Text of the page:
Originally published on Mon January 13, 2014 8:53 pm

Transcript

AUDIE CORNISH, HOST:

It was a violent weekend in Mexico's western state of Michoacan. Clashes erupted between so-called civilian defense groups and the Knights Templar drug cartel. The civilian defense group says Mexico's security forces are not protecting people from cartel kidnappings, murder and extortion. Among these groups, one man in Michoacan has risen to become a popular leader. He had immigrated to California but recently returned to his hometown. He found it had been overtaken by criminals and drug traffickers.

NPR's Carrie Kahn reports.

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Latin America
5:22 am
Thu December 12, 2013

Mexico's Patron Saint Is Also Its Hello Kitty

The Virgencita Plis character from Distroller in Mexico.
Distroller

Originally published on Thu December 12, 2013 8:52 pm

In Mexico, Dec. 12 is the day to celebrate the country's most revered religious icon: the Virgin of Guadalupe.

As many as 6 million pilgrims have made their way to the Mexican capital to pay homage to the country's patron saint on Thursday, and one woman has taken her devotion of the Virgin and turned it into a multimillion-dollar company.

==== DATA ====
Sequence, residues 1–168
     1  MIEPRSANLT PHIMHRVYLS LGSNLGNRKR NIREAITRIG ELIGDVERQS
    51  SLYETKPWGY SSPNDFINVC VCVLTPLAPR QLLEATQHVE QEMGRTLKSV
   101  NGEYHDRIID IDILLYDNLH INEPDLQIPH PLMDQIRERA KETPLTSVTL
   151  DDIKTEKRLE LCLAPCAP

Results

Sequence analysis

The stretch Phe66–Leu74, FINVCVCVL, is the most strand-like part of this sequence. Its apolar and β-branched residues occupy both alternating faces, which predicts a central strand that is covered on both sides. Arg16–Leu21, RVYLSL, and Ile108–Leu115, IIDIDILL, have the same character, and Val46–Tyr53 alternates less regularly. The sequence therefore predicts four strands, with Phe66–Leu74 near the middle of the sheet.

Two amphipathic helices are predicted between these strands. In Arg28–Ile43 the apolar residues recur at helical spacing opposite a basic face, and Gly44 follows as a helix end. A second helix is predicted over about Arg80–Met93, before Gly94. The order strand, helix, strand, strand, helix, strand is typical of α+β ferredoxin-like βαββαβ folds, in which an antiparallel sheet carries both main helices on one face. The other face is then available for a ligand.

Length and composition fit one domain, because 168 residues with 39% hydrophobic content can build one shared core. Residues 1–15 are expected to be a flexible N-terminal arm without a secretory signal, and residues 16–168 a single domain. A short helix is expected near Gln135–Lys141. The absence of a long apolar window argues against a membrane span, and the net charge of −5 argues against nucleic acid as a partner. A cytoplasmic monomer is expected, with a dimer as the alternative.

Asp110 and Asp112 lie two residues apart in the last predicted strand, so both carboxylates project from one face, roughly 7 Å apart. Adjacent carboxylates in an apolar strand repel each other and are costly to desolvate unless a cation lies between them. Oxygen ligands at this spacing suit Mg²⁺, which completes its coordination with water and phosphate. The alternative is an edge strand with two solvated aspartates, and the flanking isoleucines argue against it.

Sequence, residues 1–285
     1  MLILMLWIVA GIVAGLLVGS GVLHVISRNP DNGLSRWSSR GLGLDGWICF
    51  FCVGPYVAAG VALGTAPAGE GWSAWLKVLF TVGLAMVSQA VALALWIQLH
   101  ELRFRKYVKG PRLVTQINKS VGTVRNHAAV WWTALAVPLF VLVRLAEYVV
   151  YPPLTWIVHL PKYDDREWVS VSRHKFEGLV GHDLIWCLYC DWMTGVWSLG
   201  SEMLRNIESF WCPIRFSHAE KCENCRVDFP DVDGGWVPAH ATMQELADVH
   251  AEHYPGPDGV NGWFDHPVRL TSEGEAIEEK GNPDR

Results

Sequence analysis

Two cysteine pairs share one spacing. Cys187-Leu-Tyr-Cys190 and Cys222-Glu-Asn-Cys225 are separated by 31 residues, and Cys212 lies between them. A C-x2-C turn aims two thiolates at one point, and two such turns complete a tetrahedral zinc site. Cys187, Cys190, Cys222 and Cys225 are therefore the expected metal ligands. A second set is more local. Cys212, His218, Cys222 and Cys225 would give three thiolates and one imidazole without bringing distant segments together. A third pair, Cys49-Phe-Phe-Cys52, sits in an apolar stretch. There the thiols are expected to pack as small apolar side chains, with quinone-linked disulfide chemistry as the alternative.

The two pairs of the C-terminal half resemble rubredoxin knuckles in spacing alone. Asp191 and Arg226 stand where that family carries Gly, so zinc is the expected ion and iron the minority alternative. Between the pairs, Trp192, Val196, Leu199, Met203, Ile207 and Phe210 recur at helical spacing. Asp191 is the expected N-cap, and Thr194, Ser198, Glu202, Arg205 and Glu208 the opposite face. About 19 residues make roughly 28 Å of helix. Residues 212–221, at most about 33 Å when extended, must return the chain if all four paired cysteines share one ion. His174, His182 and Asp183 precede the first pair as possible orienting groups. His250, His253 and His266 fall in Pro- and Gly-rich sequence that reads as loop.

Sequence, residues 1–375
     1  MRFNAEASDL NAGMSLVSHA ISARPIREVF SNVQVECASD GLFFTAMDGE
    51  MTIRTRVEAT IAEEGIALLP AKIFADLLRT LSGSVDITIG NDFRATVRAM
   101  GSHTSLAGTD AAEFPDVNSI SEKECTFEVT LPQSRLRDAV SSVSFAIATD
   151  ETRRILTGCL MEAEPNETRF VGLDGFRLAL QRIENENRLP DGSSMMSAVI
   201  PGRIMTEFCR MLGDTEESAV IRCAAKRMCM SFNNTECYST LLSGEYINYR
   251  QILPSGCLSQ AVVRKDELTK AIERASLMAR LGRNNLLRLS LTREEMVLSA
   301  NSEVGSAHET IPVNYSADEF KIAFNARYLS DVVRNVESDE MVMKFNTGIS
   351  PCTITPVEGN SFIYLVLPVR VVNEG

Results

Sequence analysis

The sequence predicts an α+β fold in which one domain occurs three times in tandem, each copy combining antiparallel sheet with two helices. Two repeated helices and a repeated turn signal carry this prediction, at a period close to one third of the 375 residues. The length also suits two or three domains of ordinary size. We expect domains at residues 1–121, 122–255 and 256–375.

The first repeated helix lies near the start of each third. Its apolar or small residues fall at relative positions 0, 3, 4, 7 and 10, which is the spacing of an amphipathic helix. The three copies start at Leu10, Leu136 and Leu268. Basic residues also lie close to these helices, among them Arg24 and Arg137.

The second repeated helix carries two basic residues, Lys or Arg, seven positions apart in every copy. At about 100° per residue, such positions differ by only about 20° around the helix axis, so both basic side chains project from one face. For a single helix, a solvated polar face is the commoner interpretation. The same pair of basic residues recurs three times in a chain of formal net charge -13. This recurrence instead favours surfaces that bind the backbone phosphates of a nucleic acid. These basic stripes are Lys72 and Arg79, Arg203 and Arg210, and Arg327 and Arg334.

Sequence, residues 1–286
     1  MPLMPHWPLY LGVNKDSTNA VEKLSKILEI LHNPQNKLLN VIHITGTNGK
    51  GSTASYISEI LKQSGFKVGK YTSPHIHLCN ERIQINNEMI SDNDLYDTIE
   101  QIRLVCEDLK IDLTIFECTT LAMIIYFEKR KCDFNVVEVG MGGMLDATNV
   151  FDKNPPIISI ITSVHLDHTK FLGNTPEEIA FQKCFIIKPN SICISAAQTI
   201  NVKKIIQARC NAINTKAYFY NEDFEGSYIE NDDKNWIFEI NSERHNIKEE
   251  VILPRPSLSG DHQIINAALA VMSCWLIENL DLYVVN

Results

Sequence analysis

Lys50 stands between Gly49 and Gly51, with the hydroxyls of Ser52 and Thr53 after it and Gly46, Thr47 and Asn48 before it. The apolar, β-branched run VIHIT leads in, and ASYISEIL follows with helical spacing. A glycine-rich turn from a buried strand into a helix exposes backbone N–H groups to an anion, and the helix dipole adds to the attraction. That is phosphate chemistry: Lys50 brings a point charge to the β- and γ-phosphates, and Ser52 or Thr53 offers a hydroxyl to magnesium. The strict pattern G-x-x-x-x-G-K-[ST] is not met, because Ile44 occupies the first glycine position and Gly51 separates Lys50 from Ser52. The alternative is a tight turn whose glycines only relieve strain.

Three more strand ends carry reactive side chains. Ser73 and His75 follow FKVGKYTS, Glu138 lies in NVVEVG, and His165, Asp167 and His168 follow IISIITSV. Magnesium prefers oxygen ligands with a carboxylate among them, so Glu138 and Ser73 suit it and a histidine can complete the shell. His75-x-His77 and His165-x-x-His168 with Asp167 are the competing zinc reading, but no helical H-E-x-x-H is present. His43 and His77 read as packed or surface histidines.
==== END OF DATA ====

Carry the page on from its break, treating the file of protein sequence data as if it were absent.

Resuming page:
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Latin America
4:32 pm
Mon November 25, 2013

Whoever Honduras Elects President Faces Tough Road, Broke Country

Originally published on Mon November 25, 2013 6:05 pm

Hondurans went to the polls this Sunday to elect a new president. The Central American country has a whole host of problems to deal with, including the highest levels of violence in the world and increased drug cartel activity. Most pressing, though, the new leader will inherit a failing economy. Honduras is broke. It just borrowed, for the first time, $500 million on the international bond market, but that wasn't even enough to bail the country out of its devastating financial troubles.

Latin America
5:07 am
Mon November 25, 2013

Ruling Party Leads Election Vote Totals In Honduras

Originally published on Mon November 25, 2013 1:11 pm

Transcript

DAVID GREENE, HOST:

The Central American country of Honduras held a presidential election yesterday. Honduras suffers from extreme poverty and it has one of the world's highest murder rates. The nation's politics have been dominated by elites and the military. Now, so far the vote count appears to favor the candidates from the right wing ruling party, but this election offered a little more choice than usual. Here's NPR's Carrie Kahn.

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Latin America
4:33 am
Fri November 22, 2013

Hondurans To Elect New President On Sunday

Originally published on Fri November 22, 2013 4:18 pm

Transcript

DAVID GREENE, HOST:

This Sunday, a presidential election will be held in Honduras. Nine candidates are vying to lead the Central American country. The top two contenders are the candidate from the ruling party that took power in a 2009 coup and the wife of the former president who was deposed in that coup. Crime and the economy are the big issues in a country with the world's highest homicide rate, rampant drug and gang violence, and a government that's mired in debt. NPR's Carrie Kahn reports from the Honduran capital.